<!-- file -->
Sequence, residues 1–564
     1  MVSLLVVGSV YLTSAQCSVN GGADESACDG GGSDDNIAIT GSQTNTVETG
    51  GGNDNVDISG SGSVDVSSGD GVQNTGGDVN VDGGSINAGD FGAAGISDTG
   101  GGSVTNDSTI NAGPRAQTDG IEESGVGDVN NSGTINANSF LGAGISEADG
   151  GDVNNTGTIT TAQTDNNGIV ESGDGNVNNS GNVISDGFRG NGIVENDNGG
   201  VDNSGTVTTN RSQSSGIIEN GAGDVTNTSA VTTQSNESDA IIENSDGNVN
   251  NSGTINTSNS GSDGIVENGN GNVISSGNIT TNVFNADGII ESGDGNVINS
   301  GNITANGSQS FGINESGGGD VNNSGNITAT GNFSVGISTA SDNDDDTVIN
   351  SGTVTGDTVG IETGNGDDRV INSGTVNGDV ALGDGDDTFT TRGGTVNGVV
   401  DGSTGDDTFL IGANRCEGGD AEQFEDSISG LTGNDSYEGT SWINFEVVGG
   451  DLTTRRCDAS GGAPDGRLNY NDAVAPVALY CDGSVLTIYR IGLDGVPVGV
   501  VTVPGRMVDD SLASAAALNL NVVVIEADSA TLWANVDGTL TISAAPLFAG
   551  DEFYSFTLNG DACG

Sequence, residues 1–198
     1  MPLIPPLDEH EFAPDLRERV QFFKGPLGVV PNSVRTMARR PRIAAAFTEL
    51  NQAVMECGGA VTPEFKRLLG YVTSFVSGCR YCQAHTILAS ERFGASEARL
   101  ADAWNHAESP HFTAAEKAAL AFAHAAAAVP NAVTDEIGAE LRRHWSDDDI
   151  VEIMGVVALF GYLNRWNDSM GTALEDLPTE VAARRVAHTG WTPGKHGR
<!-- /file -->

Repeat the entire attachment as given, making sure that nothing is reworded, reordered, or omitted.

Sequence, residues 1–564
     1  MVSLLVVGSV YLTSAQCSVN GGADESACDG GGSDDNIAIT GSQTNTVETG
    51  GGNDNVDISG SGSVDVSSGD GVQNTGGDVN VDGGSINAGD FGAAGISDTG
   101  GGSVTNDSTI NAGPRAQTDG IEESGVGDVN NSGTINANSF LGAGISEADG
   151  GDVNNTGTIT TAQTDNNGIV ESGDGNVNNS GNVISDGFRG NGIVENDNGG
   201  VDNSGTVTTN RSQSSGIIEN GAGDVTNTSA VTTQSNESDA IIENSDGNVN
   251  NSGTINTSNS GSDGIVENGN GNVISSGNIT TNVFNADGII ESGDGNVINS
   301  GNITANGSQS FGINESGGGD VNNSGNITAT GNFSVGISTA SDNDDDTVIN
   351  SGTVTGDTVG IETGNGDDRV INSGTVNGDV ALGDGDDTFT TRGGTVNGVV
   401  DGSTGDDTFL IGANRCEGGD AEQFEDSISG LTGNDSYEGT SWINFEVVGG
   451  DLTTRRCDAS GGAPDGRLNY NDAVAPVALY CDGSVLTIYR IGLDGVPVGV
   501  VTVPGRMVDD SLASAAALNL NVVVIEADSA TLWANVDGTL TISAAPLFAG
   551  DEFYSFTLNG DACG

Sequence, residues 1–198
     1  MPLIPPLDEH EFAPDLRERV QFFKGPLGVV PNSVRTMARR PRIAAAFTEL
    51  NQAVMECGGA VTPEFKRLLG YVTSFVSGCR YCQAHTILAS ERFGASEARL
   101  ADAWNHAESP HFTAAEKAAL AFAHAAAAVP NAVTDEIGAE LRRHWSDDDI
   151  VEIMGVVALF GYLNRWNDSM GTALEDLPTE VAARRVAHTG WTPGKHGR